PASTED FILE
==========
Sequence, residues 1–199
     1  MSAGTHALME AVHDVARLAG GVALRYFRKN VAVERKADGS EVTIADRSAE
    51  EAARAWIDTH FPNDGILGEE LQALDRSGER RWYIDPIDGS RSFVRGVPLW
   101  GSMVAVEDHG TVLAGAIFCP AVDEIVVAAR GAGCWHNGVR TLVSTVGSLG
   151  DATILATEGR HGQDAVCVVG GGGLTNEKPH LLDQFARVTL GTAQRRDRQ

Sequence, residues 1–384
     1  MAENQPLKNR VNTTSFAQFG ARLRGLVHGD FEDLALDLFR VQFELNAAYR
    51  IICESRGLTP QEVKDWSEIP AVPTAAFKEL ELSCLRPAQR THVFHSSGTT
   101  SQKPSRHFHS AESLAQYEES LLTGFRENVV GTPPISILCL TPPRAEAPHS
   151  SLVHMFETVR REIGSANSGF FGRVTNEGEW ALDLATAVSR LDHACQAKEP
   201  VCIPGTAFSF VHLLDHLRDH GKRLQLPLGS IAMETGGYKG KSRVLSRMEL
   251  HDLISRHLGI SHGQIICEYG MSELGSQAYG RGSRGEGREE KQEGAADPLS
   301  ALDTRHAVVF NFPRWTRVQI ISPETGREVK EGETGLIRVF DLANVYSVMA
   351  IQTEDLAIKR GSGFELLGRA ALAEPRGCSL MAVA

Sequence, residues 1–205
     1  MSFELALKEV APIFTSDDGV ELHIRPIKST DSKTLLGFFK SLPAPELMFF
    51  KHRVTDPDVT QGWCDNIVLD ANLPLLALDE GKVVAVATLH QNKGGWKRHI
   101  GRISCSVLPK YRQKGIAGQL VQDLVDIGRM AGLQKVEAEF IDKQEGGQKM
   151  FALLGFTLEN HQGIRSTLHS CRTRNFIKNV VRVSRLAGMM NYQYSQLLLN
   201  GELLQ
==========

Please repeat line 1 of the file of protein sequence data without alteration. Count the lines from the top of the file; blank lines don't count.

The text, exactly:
Sequence, residues 1–199